The Nationals tacked on another run in the fourth after two infield hits, a Juan Soto bunt past the pitcher and a slow grounder up the middle that Yolmer Sanchez could not handle. The scorer ruled it an error but myworld thought it was a tough chance for Sanchez. Matt Adams hit a sinking liner to left. Eloy Jimenez attempted to make a sliding catch but the ball clanked off his glove. Soto should have scored but he was tagging up at second on a play. The ball bounded far enough from Jimenez that he probably would have scored if he had gone halfway. He would not have advanced to third if Jimenez had caught the ball. With the bases loaded Kurt Suzuki hit a slow grounder to third scoring Soto with the second run and giving the Nationals a 2-0 lead. With runners on first and third and one out Victor Robles struck out looking.

The Adams and Suzuki show again struck in the bottom of the sixth to give the Nationals a 4-1 lead. Adams led off the inning with a walk and Suzuki advanced him to third with a double. Robles drove in Suzuki with a sacrifice fly and Suzuki scored after a fielding error by Tim Anderson on a tough pop up hit by pinch hitter Gerrado Para.

The win looked secure but with the Nationals bullpen no lead is safe. Jose Abreu hit a two run homerun off Kyle Barraclough in the eighth, his second inning of work. He had not pitched in six days. Wander Suerro came on in relief, his second appearance in two days and Wellington Castillo took his first pitch deep to tie the game.

The Nationals had to use Sean Doolittle in the ninth, his fourth appearance in five days. He gave up two hits but kept the White Sox off the scoreboard, striking out the final two hitters with runners on first and second.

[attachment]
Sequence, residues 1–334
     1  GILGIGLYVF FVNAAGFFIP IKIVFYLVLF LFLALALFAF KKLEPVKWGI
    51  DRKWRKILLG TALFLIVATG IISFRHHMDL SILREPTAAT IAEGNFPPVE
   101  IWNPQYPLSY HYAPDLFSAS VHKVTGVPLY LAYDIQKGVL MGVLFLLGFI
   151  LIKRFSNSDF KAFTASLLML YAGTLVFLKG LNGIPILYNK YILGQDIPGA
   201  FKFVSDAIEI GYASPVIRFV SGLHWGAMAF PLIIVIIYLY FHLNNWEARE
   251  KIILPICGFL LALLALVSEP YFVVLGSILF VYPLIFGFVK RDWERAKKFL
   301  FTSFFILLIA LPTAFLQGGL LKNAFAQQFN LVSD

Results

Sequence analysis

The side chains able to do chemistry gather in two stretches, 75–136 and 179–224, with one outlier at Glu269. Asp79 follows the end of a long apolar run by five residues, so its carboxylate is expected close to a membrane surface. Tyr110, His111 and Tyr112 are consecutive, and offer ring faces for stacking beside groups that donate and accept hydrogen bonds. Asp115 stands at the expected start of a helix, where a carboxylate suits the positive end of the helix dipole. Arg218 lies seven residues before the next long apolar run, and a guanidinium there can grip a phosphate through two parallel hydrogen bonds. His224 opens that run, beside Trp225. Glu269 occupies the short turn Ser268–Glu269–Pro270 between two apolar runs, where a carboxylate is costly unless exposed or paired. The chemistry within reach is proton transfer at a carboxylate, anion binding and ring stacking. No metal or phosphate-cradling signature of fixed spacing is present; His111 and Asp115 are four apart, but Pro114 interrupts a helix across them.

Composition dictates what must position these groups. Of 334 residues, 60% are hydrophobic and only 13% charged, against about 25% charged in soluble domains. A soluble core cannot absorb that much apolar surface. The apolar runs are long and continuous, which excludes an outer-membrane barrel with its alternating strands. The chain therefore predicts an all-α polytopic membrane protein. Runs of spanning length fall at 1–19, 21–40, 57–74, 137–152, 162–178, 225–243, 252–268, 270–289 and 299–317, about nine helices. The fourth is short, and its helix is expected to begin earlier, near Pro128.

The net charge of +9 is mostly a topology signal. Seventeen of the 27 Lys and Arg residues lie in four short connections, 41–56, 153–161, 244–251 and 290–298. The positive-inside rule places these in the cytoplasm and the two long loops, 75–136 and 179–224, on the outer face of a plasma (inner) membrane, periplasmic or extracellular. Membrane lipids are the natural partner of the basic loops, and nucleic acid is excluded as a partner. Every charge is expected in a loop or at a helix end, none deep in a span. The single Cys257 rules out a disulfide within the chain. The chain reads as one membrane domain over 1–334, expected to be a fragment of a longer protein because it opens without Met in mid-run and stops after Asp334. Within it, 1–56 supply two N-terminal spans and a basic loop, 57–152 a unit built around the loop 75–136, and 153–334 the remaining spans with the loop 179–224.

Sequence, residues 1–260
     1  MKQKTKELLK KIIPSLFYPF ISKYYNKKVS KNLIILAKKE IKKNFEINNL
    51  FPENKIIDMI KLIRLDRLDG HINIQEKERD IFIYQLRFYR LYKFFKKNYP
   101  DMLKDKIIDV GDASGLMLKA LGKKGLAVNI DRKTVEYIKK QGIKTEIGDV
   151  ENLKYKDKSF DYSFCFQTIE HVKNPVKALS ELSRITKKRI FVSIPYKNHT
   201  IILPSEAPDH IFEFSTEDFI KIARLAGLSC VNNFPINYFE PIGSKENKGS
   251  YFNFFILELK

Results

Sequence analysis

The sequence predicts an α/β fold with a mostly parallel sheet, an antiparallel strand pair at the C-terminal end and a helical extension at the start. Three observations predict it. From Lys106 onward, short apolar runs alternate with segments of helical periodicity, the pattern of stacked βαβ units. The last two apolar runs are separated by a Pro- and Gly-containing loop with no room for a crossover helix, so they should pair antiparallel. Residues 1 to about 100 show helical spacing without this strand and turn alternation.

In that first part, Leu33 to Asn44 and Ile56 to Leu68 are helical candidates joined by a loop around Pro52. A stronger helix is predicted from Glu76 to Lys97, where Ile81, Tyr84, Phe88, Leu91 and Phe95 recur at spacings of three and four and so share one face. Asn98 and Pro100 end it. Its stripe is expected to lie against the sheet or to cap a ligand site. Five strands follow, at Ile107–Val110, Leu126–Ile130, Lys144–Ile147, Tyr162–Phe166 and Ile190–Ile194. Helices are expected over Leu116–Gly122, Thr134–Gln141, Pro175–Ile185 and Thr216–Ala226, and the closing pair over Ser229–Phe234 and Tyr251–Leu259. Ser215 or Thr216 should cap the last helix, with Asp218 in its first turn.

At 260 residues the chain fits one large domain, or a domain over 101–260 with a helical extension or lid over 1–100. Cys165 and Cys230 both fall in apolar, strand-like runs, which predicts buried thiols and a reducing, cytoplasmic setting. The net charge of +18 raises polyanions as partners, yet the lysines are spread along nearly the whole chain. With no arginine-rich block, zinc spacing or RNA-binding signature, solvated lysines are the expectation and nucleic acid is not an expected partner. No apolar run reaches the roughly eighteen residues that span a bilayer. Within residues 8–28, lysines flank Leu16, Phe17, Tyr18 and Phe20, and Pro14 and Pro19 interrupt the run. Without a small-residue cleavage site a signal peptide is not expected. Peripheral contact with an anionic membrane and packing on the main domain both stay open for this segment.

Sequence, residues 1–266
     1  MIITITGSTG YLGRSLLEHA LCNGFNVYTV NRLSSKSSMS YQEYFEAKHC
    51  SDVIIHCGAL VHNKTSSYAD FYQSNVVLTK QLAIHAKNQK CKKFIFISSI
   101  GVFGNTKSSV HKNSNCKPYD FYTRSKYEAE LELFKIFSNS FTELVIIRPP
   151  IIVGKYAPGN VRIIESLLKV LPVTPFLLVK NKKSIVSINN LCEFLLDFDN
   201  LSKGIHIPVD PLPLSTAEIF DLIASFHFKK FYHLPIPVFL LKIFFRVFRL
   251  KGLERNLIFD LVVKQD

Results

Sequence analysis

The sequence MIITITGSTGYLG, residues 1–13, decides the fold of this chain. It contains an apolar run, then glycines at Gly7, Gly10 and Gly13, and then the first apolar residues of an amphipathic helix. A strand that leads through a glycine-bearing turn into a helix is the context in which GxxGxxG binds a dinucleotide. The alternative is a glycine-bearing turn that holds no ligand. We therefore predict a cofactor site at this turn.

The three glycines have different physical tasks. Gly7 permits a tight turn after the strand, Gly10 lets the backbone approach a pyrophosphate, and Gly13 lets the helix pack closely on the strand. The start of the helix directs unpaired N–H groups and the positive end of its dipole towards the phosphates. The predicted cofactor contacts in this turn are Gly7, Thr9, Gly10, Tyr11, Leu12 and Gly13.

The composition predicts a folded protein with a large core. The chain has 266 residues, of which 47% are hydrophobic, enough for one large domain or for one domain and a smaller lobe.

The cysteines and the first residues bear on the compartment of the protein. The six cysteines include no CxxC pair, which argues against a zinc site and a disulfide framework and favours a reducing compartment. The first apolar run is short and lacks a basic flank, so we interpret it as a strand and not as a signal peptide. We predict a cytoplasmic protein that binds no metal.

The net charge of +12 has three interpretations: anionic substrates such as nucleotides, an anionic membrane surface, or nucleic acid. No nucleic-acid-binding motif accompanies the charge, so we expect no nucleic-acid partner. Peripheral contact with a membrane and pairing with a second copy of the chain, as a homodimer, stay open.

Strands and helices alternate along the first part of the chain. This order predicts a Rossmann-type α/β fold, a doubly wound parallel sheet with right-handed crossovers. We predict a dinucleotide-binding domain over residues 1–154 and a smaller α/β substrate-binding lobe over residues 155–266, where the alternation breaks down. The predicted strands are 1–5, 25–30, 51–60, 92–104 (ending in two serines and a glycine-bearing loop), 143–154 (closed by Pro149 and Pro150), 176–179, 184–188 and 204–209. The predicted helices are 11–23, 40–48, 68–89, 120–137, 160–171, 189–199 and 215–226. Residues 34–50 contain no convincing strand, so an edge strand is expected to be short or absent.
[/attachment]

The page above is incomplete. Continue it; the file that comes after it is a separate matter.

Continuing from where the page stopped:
Game Notes: The walkoff gives the Nationals a four game winning streak and victories in nine of their last 11. They still are chasing the Phillies, Braves and Mets in the standings…The Nationals bullpen ERA is still an ugly 6.68, last in the National League…The White Sox loaded the bases with no outs in the second inning. Tim Anderson struck out and Yolmer Sanchez lined out to third. Wellington Castillo found himself too far off the bag and Rendon stepped on third to double him off…Myworld likes the smooth actions of Tim Anderson at shortstop. If his bat continues to play he could be one of the best shortstops in the American League.

Top Cuban Prospects in the American League

Tuesday, May 28th, 2019

Not a lot of graduation from the list compiled last year. Lourdes Gurriel graduated, but his minor league time is still not finished as he struggles with his defense. Myworld has always felt he is better suited for the outfield. The bottom three players fell from the list and one player from the National League moved to the American League leaving room for three new players.

1. Luis Robert OF (White Sox) - He has the five tools to make him an All Star. The White Sox hope those tools stand out in the major leagues after shelling out $26 million in 2017. The White Sox signed Jose Abreu to a $10 million bonus and a six year contract reaching $68 million. Robert has the speed to play centerfield with an arm capable of playing right. Last year the power did not show in an injury ravaged season, but this year he has already clubbed 10 homeruns in 41 games. He dominated High A pitching with 8 homeruns in 19 games. AA pitching has been a bit more of a challenge (.488 slugging). The one concern with Luis is his inability to take a walk and a high rate of striking out (10/42). After hitting .453 in High A he is still hitting an acceptable .274 in AA. An outfield of Eloy Jimenez and Robert could be special. If he continues to have success expect a September promotion if they can find 40 man roster space.